Depending on where you go, getting vaccines can be an integral part of the travel planning process. But it would be safe to say, most people wouldn’t think to get shots before travelling to Singapore, which is considered an affluent and safe place.
However, travellers may need to rethink that approach, if authorities are given the power to turn away unvaccinated foreigners as has been proposed under legislation changes by the health ministry.
According to AFP, Singaporean authorities are looking to better protect the already tightly controlled, but open country from infectious diseases. And this could include placing tighter restrictions on visitors as well as increasing the number of vaccinations travellers would require, AFP reported.
At present, tourists are urged, though not forced to vaccinate against yellow fever. But the country’s most high-profile health incident came during 2003, when Severe Acute Respiratory Syndrome (SARS) caused the death of 33 people in the Southeast Asian nation.
The ministry also wants the country to guard itself from diseases like bird flu, Ebola and the Middle East Respiratory Syndrome.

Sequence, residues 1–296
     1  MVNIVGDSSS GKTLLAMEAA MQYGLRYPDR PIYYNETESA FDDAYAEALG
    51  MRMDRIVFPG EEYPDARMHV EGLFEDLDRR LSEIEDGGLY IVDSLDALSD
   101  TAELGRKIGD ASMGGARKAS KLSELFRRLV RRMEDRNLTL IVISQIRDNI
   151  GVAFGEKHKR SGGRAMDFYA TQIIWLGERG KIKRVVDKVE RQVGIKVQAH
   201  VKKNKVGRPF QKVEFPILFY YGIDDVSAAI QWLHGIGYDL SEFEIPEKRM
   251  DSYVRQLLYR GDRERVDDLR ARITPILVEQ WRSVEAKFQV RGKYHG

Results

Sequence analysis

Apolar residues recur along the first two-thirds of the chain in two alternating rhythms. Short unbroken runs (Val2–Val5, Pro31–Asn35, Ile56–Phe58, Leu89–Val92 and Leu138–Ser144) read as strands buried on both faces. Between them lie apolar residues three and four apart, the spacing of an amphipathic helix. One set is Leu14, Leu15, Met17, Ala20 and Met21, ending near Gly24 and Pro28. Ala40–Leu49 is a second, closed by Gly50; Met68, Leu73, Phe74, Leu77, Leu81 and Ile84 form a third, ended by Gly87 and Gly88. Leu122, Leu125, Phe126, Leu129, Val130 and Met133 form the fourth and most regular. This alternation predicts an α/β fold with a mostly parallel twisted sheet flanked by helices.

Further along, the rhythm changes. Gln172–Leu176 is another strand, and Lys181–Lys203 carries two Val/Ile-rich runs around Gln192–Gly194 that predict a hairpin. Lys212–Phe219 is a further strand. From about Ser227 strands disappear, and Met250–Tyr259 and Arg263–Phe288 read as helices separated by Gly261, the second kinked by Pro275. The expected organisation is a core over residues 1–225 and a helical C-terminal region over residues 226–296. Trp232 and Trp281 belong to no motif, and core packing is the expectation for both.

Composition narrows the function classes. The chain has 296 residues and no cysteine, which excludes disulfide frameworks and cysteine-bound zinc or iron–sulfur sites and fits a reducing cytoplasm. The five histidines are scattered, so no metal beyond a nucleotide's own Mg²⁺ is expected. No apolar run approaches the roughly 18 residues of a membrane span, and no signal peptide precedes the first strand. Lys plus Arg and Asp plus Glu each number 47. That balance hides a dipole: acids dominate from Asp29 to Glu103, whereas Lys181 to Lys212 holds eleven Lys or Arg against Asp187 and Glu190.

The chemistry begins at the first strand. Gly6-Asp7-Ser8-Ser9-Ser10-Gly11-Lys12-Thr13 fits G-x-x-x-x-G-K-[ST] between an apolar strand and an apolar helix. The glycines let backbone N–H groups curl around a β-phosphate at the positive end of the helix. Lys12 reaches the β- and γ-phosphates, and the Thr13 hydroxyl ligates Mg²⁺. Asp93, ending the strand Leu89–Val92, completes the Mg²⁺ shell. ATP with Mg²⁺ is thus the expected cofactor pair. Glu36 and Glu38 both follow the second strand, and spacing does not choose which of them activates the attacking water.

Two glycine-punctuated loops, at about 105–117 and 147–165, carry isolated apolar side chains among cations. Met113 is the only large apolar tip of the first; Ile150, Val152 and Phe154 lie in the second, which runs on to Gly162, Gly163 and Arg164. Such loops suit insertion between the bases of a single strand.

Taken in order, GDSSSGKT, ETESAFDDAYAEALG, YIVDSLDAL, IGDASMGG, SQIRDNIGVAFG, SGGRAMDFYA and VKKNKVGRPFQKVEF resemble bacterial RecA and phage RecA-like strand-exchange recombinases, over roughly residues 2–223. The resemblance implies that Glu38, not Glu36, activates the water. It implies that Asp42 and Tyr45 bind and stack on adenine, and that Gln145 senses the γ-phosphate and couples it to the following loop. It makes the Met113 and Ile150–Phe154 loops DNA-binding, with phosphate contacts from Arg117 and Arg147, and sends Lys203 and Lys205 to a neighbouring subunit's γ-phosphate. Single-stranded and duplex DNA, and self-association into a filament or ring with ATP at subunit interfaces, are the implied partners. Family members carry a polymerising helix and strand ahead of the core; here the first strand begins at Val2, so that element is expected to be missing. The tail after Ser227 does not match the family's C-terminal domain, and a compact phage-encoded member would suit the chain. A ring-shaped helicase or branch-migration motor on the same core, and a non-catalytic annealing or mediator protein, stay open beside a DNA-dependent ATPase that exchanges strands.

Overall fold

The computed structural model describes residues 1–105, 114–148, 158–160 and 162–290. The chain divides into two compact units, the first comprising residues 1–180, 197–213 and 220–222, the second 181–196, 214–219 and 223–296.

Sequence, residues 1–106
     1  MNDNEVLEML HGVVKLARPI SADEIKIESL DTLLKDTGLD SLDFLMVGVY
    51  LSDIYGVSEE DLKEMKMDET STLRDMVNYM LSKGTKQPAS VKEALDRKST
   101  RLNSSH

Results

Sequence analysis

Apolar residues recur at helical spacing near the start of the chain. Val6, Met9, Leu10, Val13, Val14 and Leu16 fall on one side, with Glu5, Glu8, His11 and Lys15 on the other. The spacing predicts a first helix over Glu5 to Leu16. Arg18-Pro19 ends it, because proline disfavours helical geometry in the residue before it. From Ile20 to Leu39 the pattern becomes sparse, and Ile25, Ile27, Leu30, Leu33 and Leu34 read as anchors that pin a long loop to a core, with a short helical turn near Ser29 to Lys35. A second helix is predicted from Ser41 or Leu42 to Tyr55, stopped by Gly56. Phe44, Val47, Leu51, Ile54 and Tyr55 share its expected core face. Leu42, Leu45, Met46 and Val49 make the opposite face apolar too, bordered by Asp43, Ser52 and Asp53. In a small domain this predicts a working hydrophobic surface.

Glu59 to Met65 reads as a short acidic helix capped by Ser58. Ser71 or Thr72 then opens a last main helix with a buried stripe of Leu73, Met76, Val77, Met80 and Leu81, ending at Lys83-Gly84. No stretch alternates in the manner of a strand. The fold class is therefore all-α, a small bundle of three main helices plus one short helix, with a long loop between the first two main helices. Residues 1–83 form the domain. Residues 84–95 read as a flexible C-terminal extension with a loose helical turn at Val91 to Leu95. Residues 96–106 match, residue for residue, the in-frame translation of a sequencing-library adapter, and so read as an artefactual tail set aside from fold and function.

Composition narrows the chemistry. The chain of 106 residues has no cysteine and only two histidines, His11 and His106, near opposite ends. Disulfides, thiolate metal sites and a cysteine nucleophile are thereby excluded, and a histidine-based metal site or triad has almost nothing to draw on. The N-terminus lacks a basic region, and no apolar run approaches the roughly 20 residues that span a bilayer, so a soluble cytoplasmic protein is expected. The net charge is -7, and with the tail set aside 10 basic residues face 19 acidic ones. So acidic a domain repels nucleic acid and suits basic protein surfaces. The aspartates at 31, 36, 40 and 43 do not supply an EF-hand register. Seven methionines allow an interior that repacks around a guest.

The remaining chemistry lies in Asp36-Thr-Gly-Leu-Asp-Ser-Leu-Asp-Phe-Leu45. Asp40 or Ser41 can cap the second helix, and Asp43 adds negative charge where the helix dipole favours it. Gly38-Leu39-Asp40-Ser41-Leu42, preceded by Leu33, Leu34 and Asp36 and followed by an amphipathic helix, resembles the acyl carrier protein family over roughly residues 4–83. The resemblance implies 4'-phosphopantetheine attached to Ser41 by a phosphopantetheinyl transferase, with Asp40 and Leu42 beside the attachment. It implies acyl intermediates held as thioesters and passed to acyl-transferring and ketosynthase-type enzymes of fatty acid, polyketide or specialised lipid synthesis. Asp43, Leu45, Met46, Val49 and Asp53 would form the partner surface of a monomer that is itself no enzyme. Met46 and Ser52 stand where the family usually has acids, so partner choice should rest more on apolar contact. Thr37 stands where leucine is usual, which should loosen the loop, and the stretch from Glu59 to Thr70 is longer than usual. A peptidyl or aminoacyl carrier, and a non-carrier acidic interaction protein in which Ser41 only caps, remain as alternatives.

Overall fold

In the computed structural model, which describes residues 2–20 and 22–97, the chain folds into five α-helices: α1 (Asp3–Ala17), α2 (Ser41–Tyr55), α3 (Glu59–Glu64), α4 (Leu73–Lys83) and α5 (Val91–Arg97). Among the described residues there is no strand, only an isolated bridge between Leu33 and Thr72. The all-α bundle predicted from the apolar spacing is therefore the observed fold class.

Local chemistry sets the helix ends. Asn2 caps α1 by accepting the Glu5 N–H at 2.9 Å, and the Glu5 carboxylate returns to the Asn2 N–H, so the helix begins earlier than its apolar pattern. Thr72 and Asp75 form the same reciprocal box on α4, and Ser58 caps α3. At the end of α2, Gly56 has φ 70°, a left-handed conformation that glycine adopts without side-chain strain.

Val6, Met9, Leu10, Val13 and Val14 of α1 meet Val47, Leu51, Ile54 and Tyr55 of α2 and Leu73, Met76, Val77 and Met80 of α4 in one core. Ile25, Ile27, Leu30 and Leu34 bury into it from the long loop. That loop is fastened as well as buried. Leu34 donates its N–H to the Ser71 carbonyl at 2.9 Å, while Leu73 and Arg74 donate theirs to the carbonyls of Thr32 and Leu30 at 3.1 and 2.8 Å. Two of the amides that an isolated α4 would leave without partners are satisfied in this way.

"As a major global trade and travel hub, it is imperative that we remain vigilant to public health threats... by protecting the community against new and emerging infectious diseases," said the ministry, which added that new powers would be “exercised judiciously”.
Travellers arriving unwell would also not be turned away.
Last year, 17.4 million tourists visited the Southeast Asian nation, which is more than triple its 5.6 million population.
The Australian Department of Foreign Affairs and Trade (DFAT) - which takes a conservative line to travel - advises Singapore-bound Aussies to be wary of mosquito-borne illnesses such as Zika and Dengue fever and to discuss travel plans and other vaccination needs with their doctor before travelling.
Have you ever been vaccinated before travelling to Singapore?